Earlier this week, Microsoft announced that it will be ending support for Intel's Itanium IA64 architecture after Windows Server 2008 R2's extended support runs out in eight years' time. While having the world's largest software maker saying that it'll no longer be supporting your technology may worry most companies, Intel isn't one of them.
In fact, most of the Itanium servers around the world do not run Microsoft Windows as Patrick Ward, an Intel spokesperson, explained to Xbit Labs: "Windows represents less than 6% of current Itanium sales according to IDC's Q3 2009 server tracker report. Most Itanium users run Unix, specifically HP-UX. Those customers would argue that the combination of HP-UX and the Itanium platform represent a very formidable mission-critical solution, which many of the world's leading companies have chosen."
Intel may have launched its impressive Nehalem-EX architecture in the new Xeon 7500 processor line, the chipmaker still sees the Itanium as the choice for mission critical customers.
"For pure performance, you might go with Xeon processors, but the mission critical customers Itanium targets are most interested in reliability, serviceability and availability features across the operating system, processors and other aspects of their enterprise computing infrastructure. Processor performance is only one aspect of what interests them," said Ward.
So, even though Microsoft and Red Hat have decided to leave Itanium support by the wayside, Intel sees a continued need for its IA64 processor technology.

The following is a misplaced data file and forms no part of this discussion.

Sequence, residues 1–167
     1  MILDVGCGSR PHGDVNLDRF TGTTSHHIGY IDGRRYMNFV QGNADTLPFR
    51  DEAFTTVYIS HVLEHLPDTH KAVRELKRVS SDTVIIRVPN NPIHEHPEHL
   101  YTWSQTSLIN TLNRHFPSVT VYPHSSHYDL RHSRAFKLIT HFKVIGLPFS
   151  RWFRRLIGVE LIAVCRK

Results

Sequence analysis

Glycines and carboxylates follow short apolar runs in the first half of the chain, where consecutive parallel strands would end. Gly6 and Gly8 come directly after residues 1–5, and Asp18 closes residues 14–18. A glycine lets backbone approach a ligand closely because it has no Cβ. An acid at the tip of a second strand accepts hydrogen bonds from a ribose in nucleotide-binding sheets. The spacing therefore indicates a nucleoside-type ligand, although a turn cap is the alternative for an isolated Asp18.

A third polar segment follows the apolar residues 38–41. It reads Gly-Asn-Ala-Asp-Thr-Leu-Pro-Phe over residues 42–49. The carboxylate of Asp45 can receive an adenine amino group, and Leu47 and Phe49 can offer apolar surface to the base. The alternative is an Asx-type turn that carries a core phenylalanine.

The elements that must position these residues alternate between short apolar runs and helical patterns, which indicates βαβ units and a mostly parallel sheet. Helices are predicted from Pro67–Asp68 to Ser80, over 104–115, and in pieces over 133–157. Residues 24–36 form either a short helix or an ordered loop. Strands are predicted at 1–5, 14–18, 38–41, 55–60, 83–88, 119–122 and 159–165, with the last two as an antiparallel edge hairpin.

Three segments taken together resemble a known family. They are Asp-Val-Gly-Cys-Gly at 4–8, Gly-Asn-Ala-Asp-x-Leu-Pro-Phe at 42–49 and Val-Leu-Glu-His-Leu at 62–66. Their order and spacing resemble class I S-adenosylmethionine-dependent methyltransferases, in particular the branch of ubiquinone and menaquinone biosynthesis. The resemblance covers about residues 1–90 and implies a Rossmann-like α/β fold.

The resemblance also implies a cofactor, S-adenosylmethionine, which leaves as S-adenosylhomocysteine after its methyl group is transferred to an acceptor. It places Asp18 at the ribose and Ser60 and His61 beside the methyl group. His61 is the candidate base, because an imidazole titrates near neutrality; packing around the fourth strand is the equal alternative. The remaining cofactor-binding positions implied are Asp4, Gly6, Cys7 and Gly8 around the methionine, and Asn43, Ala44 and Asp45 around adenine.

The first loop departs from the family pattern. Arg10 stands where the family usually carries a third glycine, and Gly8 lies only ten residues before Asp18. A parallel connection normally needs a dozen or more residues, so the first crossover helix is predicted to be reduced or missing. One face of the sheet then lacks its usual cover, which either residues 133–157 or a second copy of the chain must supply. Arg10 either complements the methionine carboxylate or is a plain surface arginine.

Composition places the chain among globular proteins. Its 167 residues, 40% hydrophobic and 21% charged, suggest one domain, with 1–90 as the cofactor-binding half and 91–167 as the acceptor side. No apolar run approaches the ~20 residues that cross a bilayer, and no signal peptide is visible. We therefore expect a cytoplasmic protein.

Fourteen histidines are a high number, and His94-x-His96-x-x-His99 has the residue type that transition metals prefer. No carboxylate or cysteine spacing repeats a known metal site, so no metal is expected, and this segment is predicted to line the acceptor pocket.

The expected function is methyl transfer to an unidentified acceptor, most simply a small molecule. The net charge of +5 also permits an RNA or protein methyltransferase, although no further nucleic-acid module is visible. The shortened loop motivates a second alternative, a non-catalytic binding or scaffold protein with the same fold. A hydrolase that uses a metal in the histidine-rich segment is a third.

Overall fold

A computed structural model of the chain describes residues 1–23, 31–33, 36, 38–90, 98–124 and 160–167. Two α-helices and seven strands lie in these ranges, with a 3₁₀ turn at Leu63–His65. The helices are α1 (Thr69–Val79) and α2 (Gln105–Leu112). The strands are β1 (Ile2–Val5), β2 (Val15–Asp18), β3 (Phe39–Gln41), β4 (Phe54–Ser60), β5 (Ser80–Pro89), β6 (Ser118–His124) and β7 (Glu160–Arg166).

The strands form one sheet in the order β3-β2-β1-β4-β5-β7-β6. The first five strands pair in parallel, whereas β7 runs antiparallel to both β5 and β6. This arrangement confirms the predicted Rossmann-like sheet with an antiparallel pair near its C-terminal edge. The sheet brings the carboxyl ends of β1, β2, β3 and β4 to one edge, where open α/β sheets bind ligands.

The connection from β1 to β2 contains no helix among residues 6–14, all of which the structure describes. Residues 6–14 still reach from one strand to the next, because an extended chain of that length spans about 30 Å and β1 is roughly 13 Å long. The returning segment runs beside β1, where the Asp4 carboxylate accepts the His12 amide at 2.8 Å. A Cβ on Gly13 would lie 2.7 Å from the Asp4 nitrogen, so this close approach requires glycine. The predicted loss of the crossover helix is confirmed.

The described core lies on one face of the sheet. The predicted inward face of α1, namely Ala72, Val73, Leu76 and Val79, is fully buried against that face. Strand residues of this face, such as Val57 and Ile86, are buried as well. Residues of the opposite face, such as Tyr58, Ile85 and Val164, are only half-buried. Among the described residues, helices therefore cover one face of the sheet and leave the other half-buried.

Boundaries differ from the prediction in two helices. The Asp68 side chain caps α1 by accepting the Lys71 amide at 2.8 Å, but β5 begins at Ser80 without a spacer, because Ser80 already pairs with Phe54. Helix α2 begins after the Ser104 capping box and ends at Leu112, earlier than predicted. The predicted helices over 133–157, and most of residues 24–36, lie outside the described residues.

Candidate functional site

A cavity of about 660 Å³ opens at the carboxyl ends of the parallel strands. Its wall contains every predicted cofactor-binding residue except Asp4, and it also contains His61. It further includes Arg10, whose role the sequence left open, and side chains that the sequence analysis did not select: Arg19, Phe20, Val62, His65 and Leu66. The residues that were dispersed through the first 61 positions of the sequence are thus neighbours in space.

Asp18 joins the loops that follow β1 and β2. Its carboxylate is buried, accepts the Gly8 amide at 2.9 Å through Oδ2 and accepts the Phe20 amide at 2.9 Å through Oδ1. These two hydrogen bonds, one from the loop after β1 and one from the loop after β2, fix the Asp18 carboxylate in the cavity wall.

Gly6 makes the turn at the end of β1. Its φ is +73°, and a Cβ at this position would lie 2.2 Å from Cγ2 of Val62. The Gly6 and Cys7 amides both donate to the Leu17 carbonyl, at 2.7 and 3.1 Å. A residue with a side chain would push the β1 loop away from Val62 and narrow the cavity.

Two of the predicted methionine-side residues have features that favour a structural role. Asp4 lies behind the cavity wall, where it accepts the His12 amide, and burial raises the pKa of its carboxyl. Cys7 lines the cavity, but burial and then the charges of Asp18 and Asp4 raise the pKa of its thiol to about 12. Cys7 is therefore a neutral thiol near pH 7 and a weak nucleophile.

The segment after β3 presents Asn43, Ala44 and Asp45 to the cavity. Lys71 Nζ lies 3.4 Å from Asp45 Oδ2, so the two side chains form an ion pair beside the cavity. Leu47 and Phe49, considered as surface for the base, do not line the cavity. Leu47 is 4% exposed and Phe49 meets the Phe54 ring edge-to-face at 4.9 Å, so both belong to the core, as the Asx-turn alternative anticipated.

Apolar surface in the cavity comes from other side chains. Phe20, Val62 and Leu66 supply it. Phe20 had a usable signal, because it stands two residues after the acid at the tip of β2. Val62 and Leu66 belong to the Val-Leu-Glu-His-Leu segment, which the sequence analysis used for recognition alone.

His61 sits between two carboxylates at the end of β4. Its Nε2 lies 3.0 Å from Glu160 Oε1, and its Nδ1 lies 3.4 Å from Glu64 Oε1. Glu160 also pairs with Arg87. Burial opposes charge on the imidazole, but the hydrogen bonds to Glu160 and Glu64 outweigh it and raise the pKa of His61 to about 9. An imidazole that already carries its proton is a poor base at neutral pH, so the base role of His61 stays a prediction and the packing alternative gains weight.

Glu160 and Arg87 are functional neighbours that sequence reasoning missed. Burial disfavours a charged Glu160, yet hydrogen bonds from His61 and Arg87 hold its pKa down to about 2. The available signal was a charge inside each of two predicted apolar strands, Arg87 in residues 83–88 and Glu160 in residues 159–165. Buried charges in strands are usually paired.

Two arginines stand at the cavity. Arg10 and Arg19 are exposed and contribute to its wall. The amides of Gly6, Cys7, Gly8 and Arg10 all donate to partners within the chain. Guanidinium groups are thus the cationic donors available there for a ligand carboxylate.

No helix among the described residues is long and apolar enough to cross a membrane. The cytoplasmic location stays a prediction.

"Windows represents less than 6% of current Itanium sales"
So... is it 6 of current sales, or 6% of whats already deployed?
"So, even though Microsoft and Red Hat have decided to leave Itanium support by the wayside, Intel sees a continued need for its IA64 processor technology."
Did you expect Intel to say anything different? Even if Intel themselves were dropping support for IA64 themselves, next week, they wouldn't say anything different.
I don't think anyone was really worried that the Itanium was in danger.
This also appears to be a blow to HP's Integrity Virtual Machines. Without RH and MS on board, the Integrity VM strategy may have been a huge expensive marketing and development push to a dead end.
Tukwila was 3 years late, and that does not bode well for any future IA64 chip.
All in all, this appears to hurt Hewlett Packard far more than MS or Intel. It throws the integrity virtualization strategy in disarray, it creates a black cloud over future chip development.